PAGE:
The connection of George W. Bush with a quote by Hermann Goering on stampeding the general population into an unjustified war has earned some strident criticism for Democratic Washington Congressman Jim McDermott.
Actually, as military minds, Bush and Goering have some similarities and differences. Both had substance-abuse problems–Goering’s was heroin, Bush’s alcohol and cocaine (according to press reports). Both have/had a tendency to put all their faith in grandiose, but poorly-thought-out military plans. Both were fighter pilots are inherent risk takers.
Unlike Bush, Goering actually saw combat and was truly heroic–shooting down 22 Allied airplanes as commander of the famous Richthofen Air Squadron in the First World War. George W. Bush served in a near-mothballed Air National Guard wing, and reportedly failed to show up for duty after transfer from Texas to Alabama.
Aside from allowing the British to evacuate their troops from Dunkirk (he convinced Hitler that air power could win the battle without the need for a standard infantry operation), Goering’s biggest military disaster was the shifting of Luftwaffe attacks from British fighter squadrons (which were near collapse) and factories to civilian population centers, such as London.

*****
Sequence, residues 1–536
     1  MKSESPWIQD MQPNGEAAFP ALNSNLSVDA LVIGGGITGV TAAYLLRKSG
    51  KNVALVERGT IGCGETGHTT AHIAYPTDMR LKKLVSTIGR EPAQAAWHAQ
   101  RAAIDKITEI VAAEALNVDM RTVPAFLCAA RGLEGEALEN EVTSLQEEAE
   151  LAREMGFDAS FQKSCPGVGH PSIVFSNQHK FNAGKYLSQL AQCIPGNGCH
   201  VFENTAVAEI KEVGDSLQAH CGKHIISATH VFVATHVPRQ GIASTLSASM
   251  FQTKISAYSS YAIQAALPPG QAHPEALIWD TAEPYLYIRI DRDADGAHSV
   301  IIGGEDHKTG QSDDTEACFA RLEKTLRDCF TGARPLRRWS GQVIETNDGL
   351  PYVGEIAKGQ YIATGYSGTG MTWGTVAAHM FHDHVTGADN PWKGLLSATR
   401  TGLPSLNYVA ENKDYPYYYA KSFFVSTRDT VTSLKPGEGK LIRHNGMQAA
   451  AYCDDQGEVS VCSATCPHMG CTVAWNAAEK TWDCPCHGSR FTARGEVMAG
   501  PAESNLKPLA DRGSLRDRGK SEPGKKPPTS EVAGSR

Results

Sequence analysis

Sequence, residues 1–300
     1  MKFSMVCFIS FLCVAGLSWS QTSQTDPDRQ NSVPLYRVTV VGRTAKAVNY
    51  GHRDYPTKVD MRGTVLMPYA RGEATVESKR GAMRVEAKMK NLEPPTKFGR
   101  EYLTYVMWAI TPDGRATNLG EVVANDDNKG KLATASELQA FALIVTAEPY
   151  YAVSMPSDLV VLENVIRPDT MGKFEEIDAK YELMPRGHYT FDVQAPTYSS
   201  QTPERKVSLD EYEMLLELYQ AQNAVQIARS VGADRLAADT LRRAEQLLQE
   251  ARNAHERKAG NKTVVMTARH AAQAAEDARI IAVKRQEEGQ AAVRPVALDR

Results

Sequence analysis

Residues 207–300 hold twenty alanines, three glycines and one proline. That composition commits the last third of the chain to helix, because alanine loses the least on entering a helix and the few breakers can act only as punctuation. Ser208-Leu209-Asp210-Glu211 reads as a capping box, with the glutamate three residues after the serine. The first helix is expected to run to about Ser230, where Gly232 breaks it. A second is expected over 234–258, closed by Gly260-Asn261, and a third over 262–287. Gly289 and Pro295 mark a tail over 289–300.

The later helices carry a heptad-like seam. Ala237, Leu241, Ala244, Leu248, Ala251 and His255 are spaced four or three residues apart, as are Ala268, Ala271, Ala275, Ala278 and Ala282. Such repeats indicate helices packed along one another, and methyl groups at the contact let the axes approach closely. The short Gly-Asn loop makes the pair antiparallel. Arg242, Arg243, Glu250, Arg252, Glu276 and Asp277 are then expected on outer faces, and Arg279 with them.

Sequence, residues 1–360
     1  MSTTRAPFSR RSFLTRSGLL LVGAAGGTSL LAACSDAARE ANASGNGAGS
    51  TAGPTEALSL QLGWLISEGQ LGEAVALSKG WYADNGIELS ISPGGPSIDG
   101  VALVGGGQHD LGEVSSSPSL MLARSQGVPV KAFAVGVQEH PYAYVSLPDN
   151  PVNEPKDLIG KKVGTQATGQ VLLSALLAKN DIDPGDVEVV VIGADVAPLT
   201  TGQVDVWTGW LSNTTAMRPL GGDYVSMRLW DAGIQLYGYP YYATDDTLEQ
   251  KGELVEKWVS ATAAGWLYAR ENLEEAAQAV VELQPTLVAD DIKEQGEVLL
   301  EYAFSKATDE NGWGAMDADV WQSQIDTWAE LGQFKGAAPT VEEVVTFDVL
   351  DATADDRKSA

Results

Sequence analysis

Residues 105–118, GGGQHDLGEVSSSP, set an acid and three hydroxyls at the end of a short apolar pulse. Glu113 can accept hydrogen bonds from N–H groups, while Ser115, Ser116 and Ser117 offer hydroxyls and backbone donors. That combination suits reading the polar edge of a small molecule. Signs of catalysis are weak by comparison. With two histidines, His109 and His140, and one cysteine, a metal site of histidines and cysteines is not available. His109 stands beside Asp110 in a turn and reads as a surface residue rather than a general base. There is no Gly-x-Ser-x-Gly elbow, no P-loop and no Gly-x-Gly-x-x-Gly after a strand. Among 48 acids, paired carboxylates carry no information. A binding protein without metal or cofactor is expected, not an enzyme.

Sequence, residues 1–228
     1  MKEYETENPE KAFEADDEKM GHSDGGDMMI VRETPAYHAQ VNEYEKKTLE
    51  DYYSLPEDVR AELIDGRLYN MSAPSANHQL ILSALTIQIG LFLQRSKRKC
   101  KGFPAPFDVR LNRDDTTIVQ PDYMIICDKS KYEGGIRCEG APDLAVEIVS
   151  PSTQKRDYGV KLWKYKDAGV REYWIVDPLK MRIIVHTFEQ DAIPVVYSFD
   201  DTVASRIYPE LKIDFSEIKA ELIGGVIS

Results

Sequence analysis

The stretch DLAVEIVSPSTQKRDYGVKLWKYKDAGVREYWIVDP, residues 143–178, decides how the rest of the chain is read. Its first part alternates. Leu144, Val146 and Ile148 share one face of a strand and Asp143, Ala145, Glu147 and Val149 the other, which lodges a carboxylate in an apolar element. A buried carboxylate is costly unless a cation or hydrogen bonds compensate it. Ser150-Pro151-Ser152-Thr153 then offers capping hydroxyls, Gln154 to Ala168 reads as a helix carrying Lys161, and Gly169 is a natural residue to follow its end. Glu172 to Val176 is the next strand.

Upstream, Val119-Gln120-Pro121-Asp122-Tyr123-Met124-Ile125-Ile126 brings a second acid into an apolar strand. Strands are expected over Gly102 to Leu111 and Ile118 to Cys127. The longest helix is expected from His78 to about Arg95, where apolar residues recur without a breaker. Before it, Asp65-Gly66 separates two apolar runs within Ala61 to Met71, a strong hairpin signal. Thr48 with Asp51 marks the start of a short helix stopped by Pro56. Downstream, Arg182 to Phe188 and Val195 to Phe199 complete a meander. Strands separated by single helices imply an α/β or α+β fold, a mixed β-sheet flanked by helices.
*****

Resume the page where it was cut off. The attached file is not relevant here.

Goering is reported to have stated to Germans uneasy about waging war on civilians that: “If one British bomb falls on a German city [in retaliation] you can call me ‘Meyer’.”
Goering’s “Operation Eagle” strategy was a magnificent failure. It not only shifted British public opinion in favor of the war, but it gave the British time to regroup, preventing Hitler from launching his invasion of Britain…operation Sea Lion. (Later in the war, many Germans secretly called him “Meyer”, a name synonymous with German Jews.)
George W. Bush may indeed be following in Goering’s footsteps in his mishandling of the entire Iraq affair. And by antagonizing civilians while carrying out assisinations perceived by many in Iraq as being villainous, he may be creating a potent future enemy for the U.S.
The author studied Austrian Neoclassical economics under Dr. George Reisman. However, he developed the view that a debt-money system made a truly free economic system impossible and led to excessive class stratifications that leads to instability. This is contrary to the currently prevailing Monetarist viewpoint of Fed Chairman Alan Greenspan and company.